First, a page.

Dear Reader, a very warm welcome to this new Blog I have called "A Garden in Venice". Experience a different perspective of Venice: the authentic Venice it has always been: A Town, A Garden in the midst of the Lagoon. On this site, you will get to know flowers and gardens in Venice, basically all sorts of gardens, including background information on ancient traditions and lifestyle that is still practiced and very much alive here today.
|Impatiens - flowers next to Piazza San Marco - Giardini reali ...|
Here is your site to explore the Venetian garden and gardening heritage, and how Venetians value these treasures today. A few hundred years back, Venice was the town in Europe counting most gardens and botancial gardens. But read how Giuseppe Tassini described it 100 years ago, based on the famous words of architect Jacopo Sansovino (+ 1570): Gardens as a way of life, a background to normal days.
Quel bisogno che noi proviamo molte fiate di respirare aria più libera, e di rallegrare lo sguardo nell'aspetto degli arbori, dell'erbe e dei fiori, veniva ... provato anche dai nostri padri, ed è perciò che, fino dagli antichi tempi, noi troviamo in Venezia,alla Giudecca e in Murano, parecchi orti e giardini ...
|First description of Gardens in Venice|
|Venice is dotted with gardens, tiny and bigger ones. Private and public ones, hotel and restaurant gardens, convent and kitchen gardens ... (Google picture)|
Palace gardens were created, but first there were the vegetable gardens of convents and parish churches and monasteries, and the inhabitants' vegetable gardens surrounding houses and their courtyards. Famous palace gardens included those belonging to the noble families of Venice, the Rizzo-Patarol, Sormani-Moretti, Gritti, Dandolo, Loredan, Corner, Vendramin ...
|Private home: herb garden near Campo San Zaccaria|
Convent gardens and herbs and vegetable gardens include San Francesco della Vigna or the Redentore gardens, that can still be visited today. There is also a biogarden initiative started in the Santa Croce area.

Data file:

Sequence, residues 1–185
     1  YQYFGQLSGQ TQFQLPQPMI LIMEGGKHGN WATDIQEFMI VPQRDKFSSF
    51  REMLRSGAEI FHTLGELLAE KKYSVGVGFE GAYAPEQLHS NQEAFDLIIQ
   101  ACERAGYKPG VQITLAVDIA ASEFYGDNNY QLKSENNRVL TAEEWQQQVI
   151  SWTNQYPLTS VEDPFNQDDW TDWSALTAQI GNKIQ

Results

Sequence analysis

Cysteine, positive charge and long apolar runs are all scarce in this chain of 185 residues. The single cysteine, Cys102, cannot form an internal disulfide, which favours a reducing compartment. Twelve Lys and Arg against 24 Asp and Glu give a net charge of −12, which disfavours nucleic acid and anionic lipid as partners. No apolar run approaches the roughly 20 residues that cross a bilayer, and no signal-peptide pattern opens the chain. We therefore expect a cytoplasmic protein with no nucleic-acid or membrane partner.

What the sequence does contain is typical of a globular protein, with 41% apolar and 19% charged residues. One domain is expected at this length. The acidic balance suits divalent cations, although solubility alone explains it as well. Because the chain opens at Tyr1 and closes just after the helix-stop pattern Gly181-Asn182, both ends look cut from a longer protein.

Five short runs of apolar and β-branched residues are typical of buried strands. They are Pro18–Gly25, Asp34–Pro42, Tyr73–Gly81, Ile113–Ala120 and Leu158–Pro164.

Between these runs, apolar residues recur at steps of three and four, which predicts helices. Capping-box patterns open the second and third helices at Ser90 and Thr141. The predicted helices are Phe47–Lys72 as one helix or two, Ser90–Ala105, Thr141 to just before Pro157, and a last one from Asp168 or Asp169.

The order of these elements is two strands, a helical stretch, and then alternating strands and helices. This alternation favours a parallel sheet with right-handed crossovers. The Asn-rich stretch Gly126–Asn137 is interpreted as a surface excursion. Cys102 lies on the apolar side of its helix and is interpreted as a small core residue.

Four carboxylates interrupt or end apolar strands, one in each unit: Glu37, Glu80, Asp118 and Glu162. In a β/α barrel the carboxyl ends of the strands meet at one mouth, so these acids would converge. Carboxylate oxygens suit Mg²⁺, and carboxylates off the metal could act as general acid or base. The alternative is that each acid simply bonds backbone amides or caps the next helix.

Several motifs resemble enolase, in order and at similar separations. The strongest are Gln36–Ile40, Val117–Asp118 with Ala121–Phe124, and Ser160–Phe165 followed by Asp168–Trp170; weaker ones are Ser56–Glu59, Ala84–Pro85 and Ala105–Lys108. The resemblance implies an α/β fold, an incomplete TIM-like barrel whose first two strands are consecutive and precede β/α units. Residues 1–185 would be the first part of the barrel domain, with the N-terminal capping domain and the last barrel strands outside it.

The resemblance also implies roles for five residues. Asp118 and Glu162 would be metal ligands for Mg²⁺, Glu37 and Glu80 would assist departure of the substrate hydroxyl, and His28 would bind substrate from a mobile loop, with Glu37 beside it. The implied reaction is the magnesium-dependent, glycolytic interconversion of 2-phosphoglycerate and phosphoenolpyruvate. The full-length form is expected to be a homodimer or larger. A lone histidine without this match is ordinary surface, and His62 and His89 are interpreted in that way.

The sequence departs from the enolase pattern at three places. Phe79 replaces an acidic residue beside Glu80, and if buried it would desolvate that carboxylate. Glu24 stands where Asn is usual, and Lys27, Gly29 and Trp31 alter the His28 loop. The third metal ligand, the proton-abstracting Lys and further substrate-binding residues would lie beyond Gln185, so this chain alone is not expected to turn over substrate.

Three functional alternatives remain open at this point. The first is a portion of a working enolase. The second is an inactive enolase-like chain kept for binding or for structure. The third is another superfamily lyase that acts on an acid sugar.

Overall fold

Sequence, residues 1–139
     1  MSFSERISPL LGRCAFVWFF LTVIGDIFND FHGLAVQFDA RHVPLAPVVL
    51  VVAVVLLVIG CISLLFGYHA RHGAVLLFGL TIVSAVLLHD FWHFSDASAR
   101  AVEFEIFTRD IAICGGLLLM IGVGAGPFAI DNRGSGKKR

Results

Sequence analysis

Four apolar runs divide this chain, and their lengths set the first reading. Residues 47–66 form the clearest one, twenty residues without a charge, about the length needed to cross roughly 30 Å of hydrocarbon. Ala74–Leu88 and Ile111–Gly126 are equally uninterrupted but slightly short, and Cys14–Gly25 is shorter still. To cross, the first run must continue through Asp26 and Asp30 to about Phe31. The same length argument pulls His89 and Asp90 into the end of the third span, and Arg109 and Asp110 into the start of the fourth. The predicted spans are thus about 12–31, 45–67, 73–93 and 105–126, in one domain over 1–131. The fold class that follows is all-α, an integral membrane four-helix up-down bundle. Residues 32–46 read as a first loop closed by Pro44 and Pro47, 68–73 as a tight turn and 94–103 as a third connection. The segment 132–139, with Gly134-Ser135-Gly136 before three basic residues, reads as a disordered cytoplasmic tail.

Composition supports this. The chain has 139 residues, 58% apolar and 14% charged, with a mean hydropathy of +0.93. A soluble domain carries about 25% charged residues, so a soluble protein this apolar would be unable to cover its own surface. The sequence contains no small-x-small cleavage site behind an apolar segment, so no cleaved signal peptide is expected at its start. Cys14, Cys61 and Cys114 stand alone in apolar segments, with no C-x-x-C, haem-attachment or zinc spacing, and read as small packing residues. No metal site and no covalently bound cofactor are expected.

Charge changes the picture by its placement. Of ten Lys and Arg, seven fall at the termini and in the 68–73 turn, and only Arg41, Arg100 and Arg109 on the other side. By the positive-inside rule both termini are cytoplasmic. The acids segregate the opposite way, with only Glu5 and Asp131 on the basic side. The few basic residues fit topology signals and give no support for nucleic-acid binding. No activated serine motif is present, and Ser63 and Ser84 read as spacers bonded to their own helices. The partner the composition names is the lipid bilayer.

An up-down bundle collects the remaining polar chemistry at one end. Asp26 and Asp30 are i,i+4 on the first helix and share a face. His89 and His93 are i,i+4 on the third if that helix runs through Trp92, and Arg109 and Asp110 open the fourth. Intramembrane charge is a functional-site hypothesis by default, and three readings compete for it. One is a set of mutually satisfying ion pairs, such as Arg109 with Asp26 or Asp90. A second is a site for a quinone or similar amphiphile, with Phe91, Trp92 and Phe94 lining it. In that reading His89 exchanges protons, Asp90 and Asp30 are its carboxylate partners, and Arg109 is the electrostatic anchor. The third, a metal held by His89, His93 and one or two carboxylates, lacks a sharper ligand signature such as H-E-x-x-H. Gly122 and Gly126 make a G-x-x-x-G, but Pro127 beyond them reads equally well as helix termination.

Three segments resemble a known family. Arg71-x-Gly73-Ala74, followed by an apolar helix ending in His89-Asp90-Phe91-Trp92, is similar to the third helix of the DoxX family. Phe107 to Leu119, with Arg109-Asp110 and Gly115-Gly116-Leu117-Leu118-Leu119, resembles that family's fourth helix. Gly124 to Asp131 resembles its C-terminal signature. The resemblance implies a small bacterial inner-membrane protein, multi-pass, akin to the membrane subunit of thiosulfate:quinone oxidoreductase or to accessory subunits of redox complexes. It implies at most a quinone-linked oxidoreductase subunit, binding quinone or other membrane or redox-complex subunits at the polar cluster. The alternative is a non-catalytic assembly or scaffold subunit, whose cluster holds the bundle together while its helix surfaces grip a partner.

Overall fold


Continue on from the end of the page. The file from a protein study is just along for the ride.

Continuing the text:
|Convent gardens in Castello: San Francesco della Vigna|
Numerous private gardens, hotel gardens open to everyone, like the Boscolo Hotel dei Dogi, Hotel Cipriani, Hotel San Clemente, to name just a few, and lots and lots of terrace and roof gardens, the so-called altane and liagò. Public gardens, like the Giardini Reali next to Piazza San Marco.
|Blue plumbago balcony gardens overlooking Campo San Zaccaria in Castello|
After the fall of the Venetian Republic in 1797 it was actually the British expats that came to live in Venice that kind of resuscitated the Venetian garden culture as very sensitive and sustainable gardeners. In the 19th centuries many old noble families in Venice were impoverished and often had to give up their gardens or had other things to do to survive but could not tend their gardens. Frederick Eden in his landmark book described what was gardening like in Venice at the end of the 19th century. This is a sort of garden bible, and its tipps are so useful to anyone trying to grow a garden on the salty soil of the lagoon islands.
|A public garden next to the Piazza, mind you, there are special views towards the Campanile (Google Picture)|
Believe me, there are still quite a lot of gardens left, though most are tucked away behind secret stone walls. But visitors to Venice are not really aware of that as we Venetians are. This is why I wanted to create this Blog: here you can read about gardens in Venice itself, gardens on the islands of the Lagoon, about ancient and famous ones, public and private ones. As I am writing, I am witnessing so many initiatives started by Venetians themselves to embellish and value their gardens, from simple window gardens to courtyards.
|A picture (Google) shows you the garden landscape next to the Salute Church. It is like this all over town - campi, campielli, corti, campazzi, public squares and private courtyards - gardens everywhere ... (Google picture)|
|Green church courtyard - San Giorgio dei Greci, Castello|
And it's not all about flowers and bushes growing in these gardens, it is at least as much about kitchen and vegetable gardens and ancient orchards, herbal gardens, and their harvests, used for cooking and herbal remedies alike, and the markets in Venice where you can buy these extraordinary foods and produce. We will explore history and traditions of gardens and culinary arts alike, the secrets hidden behind walls of private homes and in books lost to the public. In short, here we find out more about what the Ancient Republic of Venice can give modern man of today.
|Noble palace garden on the Canal Grande, seen from the Accademia bridge|
Now expect a very unsual site full of topics and knowledge that you cannot look up in guidebooks, and neither in cookbooks or books on gardening. It is like a window sill from which you can look out and back into a world made of secret gardens, that the ordinary visitor can get a glimpse of only from above, before arriving in or leaving Venice.
|Near the Chiesa di Miracoli, in the Sestiere Cannaregio|
|A lush restaurant garden shaded by uva fragola grapes, in a 15th centry palace courtyard in the sestiere di Castello|